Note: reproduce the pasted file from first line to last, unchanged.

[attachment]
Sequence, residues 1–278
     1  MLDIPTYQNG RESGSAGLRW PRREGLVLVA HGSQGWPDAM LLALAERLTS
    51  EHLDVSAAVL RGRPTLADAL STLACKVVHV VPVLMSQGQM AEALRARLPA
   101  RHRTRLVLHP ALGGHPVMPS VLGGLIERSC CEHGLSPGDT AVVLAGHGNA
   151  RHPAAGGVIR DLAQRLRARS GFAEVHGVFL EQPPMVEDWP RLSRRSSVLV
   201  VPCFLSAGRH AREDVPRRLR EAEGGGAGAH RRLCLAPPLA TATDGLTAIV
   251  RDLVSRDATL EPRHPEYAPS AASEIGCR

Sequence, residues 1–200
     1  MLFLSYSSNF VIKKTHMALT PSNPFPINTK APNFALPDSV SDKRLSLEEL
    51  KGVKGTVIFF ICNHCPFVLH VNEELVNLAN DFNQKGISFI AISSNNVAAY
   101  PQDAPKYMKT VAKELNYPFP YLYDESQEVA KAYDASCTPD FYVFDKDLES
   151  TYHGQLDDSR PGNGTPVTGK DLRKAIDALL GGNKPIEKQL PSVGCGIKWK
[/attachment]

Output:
Sequence, residues 1–278
     1  MLDIPTYQNG RESGSAGLRW PRREGLVLVA HGSQGWPDAM LLALAERLTS
    51  EHLDVSAAVL RGRPTLADAL STLACKVVHV VPVLMSQGQM AEALRARLPA
   101  RHRTRLVLHP ALGGHPVMPS VLGGLIERSC CEHGLSPGDT AVVLAGHGNA
   151  RHPAAGGVIR DLAQRLRARS GFAEVHGVFL EQPPMVEDWP RLSRRSSVLV
   201  VPCFLSAGRH AREDVPRRLR EAEGGGAGAH RRLCLAPPLA TATDGLTAIV
   251  RDLVSRDATL EPRHPEYAPS AASEIGCR

Sequence, residues 1–200
     1  MLFLSYSSNF VIKKTHMALT PSNPFPINTK APNFALPDSV SDKRLSLEEL
    51  KGVKGTVIFF ICNHCPFVLH VNEELVNLAN DFNQKGISFI AISSNNVAAY
   101  PQDAPKYMKT VAKELNYPFP YLYDESQEVA KAYDASCTPD FYVFDKDLES
   151  TYHGQLDDSR PGNGTPVTGK DLRKAIDALL GGNKPIEKQL PSVGCGIKWK